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- How to Reduce Energy Bills
- Energy Efficiency and Historic Buildings
How to Reduce Energy Bills
There are two ways to reduce energy bills. The first is to buy cheaper energy and the second is to use less of it.
Finding cheaper energy
Gas and electricity
Supply is regulated by Ofgem and distributed through the National Grid. We buy it from energy suppliers and they buy it from producers. The price we pay depends on many factors but it‘s the same gas and electricity regardless of who supplies it, the only things that’s different is the price and the way the supplier works out the bill.
Prices will be different in different parts of the country and the traditional supplier for an area is unlikely to be the cheapest. So switching supplier will almost always save money. There appear to be more than 40 different suppliers although many are really the same supplier. Each supplier has many different tariffs (some more than 50) depending on when you use most energy and how long you want to fix the price for.
Making comparisons between all different suppliers is very complicated and requires a switching website. You'll need to know how much energy you use so have your bills handy when you look at the comparison sites.
Generally speaking, if you use gas and electricity then it‘s cheaper to get both from the same supplier. It’s also cheaper if you choose to have your bills on line rather than on paper and if you to pay by monthly direct debit rather than quarterly bill. That reduces the cost to the supplier, so they can pass the saving on to you. Once you have made those savings, any further saving depends largely on how the supplier works out the bill.
If you have never switched before, there will always be a potential saving by switching and that could typically run to several hundred pounds.
These are generally used in rural areas where mains gas isn‘t available. Heating oil, LPG, solid fuel and wood are ordered by you, delivered to your door by a merchant and stored on your property. This requires you to remember to order in good time so you don’t run out and to have somewhere suitable to store it.
There are usually several potential suppliers you can order from so the only way to find cheaper fuel is to shop around. Prices tend to be higher in the winter and cheaper in the summer so have enough storage space and money to have the biggest delivery when it's cheapest.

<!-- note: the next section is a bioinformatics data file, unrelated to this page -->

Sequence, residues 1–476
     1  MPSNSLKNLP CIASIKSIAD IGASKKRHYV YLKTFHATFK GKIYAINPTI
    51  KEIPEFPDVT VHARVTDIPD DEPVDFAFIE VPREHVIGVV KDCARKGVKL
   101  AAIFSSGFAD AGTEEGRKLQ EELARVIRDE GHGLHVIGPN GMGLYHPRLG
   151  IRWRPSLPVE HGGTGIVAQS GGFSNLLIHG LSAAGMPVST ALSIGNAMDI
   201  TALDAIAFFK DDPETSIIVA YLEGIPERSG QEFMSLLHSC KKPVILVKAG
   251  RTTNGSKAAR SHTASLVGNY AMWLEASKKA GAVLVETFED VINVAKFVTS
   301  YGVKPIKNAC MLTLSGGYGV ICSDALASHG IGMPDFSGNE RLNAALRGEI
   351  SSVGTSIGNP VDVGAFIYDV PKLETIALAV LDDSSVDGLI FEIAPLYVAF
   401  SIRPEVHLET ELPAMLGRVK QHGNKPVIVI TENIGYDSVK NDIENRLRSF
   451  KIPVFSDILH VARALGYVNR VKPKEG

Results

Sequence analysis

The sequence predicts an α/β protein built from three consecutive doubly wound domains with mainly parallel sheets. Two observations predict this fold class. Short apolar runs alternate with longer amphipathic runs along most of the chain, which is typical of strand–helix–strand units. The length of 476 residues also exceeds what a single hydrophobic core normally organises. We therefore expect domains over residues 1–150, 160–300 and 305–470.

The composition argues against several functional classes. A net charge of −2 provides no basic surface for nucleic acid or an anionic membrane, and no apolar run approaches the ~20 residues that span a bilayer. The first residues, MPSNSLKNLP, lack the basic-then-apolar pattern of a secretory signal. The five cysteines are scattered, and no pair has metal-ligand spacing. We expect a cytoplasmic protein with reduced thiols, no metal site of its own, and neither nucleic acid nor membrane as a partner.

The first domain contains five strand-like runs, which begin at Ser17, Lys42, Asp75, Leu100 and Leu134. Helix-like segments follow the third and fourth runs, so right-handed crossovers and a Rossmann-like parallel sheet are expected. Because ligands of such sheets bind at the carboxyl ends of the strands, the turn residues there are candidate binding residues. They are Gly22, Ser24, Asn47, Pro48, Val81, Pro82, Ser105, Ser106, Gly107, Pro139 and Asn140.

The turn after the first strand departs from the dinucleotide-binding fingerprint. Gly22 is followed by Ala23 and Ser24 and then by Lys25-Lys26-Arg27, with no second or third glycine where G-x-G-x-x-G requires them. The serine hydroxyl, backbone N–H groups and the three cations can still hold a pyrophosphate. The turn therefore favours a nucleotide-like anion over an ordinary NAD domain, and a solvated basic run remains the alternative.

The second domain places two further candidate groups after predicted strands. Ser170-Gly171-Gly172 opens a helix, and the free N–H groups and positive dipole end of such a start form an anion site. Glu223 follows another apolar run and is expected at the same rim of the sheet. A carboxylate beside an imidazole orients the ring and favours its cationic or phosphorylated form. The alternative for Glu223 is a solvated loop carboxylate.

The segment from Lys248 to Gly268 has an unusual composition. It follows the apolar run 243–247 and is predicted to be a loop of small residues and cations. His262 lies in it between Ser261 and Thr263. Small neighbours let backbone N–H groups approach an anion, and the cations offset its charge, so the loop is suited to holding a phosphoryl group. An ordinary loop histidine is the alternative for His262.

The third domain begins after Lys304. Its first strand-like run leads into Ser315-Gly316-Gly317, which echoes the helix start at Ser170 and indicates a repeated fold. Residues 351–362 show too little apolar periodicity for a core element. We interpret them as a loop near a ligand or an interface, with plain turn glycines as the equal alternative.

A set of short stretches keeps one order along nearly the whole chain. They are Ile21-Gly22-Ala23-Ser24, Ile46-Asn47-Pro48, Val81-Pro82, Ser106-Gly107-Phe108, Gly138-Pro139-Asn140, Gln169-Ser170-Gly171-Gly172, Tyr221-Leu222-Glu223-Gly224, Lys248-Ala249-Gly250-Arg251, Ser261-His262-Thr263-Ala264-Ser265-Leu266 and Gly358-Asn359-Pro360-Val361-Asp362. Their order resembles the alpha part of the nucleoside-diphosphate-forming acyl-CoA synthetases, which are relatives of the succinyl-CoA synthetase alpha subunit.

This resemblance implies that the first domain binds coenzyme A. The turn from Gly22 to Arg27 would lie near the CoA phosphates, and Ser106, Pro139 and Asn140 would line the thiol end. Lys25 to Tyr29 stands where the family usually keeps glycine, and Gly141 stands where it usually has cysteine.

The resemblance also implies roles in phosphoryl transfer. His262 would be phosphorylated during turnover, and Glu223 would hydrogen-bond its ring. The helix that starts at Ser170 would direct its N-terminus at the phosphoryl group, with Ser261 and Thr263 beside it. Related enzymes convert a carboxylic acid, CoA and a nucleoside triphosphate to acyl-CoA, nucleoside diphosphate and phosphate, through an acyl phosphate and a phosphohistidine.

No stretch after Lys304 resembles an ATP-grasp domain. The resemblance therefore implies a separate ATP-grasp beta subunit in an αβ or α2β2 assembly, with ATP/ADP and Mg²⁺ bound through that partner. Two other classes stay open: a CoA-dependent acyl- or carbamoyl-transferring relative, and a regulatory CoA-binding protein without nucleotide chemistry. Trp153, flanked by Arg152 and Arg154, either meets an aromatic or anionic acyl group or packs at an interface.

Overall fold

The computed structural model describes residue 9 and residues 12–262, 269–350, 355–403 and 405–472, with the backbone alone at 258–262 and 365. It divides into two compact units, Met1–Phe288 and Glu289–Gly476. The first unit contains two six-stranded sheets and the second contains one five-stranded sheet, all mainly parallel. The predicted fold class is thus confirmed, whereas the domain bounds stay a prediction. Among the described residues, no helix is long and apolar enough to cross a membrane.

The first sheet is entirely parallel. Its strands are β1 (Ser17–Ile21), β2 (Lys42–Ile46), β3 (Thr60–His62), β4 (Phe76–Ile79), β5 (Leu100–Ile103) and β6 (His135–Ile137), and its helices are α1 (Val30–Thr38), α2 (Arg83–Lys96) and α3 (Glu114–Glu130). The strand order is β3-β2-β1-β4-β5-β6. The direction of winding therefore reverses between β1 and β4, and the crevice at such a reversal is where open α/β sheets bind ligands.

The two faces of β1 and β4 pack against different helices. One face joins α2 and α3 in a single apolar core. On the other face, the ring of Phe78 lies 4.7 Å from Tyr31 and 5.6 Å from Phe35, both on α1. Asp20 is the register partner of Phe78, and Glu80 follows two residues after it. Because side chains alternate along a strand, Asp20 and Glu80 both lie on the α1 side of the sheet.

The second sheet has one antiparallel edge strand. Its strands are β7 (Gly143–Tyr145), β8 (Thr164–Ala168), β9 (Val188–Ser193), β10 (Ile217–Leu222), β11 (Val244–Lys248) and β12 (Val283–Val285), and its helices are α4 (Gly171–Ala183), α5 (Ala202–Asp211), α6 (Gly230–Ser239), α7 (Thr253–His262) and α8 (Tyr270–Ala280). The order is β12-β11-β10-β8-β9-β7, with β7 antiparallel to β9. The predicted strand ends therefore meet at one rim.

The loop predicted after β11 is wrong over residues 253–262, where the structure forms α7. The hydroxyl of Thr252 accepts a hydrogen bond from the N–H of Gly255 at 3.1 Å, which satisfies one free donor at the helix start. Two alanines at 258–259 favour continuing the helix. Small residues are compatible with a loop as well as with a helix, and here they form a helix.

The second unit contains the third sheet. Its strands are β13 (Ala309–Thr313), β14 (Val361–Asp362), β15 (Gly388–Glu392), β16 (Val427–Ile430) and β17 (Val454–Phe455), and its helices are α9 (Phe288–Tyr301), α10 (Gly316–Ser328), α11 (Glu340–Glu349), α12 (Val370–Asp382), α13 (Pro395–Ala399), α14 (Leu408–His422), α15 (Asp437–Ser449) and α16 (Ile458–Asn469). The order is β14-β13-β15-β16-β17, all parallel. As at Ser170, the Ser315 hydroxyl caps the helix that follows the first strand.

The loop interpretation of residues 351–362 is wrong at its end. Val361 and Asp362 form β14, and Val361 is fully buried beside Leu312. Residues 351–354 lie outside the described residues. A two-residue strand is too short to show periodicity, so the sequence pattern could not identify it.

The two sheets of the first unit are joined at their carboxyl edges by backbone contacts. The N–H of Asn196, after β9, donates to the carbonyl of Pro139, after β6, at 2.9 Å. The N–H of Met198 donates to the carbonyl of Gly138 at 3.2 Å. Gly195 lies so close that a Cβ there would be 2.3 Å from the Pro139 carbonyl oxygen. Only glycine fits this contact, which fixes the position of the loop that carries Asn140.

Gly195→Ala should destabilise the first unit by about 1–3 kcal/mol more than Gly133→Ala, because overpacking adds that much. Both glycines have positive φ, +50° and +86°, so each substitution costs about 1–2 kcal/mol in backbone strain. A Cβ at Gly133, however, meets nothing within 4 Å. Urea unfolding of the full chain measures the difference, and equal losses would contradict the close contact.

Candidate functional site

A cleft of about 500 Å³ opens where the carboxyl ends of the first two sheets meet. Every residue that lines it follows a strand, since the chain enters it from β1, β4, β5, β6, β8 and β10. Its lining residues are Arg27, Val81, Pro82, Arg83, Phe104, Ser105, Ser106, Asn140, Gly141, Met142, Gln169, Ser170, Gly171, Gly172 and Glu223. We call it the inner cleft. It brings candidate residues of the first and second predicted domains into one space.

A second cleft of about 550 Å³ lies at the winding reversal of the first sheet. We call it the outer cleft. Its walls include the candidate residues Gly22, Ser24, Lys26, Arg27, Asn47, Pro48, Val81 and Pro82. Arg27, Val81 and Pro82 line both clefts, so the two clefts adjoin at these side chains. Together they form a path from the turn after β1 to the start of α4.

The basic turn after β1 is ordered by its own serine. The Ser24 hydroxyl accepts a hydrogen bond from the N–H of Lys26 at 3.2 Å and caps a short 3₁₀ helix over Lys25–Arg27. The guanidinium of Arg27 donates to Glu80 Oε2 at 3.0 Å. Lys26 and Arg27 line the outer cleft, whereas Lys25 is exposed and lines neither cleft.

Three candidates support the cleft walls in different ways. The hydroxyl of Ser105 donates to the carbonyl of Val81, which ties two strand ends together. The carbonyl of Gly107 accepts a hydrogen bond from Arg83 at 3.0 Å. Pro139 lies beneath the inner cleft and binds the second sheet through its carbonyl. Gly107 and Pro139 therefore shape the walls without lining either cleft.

In the case of heating oil, there are may be a local buying club where bulk ordering can reduce the price.
LPG is different because the bulk storage tank is actually owned by the distributer and can't be refilled by a different one. You will have a contract with a distributer but when that expires (normally 2 years) you can go to an alternative who can install their own tank or potentially buy the existing one for you.
Gas and electricity is sold in units of energy (kWh) but others are sold by volume or weight, so they're difficult to compare.
Electricity is the easiest because that's delivered though a meter which records in kWh.
Gas is delivered though a meter which records in cubic feet or cubic metres and is converted to kWh on your bill.
Oil is delivered and sold in litres.
LPG (usually propane) is delivered and sold in litres but a litre of LPG contains more kWh of energy than a litre of oil.
Solid fuel has several types and they all tend to be sold by weight in a bag (25 kg).
Wood pellets or wood chip is also sold by weight and may be bagged (kg) or bulk delivered (tonnes). Logs may be less precise and sold in bags or a trailer load.
The only way to make comparisons is to know how much energy (kWh) is contained in each fuel and that's called the calorific value (cv). However, calorific values vary depending on where the fuel comes from and in the case of solid fuels, the moisture content.
As a guide:
- 1 kWh of electricity = 1.00 kwh of energy
- 1 cubic metre of mains gas = 10.70 kWh
- 1 litre of LPG bulk (propane) = 7.11 kWh
- 1 litre of LPG bottle (butane) = 13.67 kWh
- 1 litre of heating oil (kerosene) = 10.35 kWh
- 1 litre of heating oil (Diesel) = 10.85 kWh
- 1 kg of solid fuel (house coal) = 8.33 kWh
- 1 kg of smokeless fuel (anthracite) = 9.66 kWh
- 1 kg of other manufactured solid fuels = 9.00 kWh (approx.)
- 1 kg of wood (pellets) = 4.70 kWh
- 1 kg of wood (chips) = 3.50 kWh
- 1 kg of wood (logs- dry) = 5.25 kWh
- 1 kg of wood (logs- green) = 2.60 kWh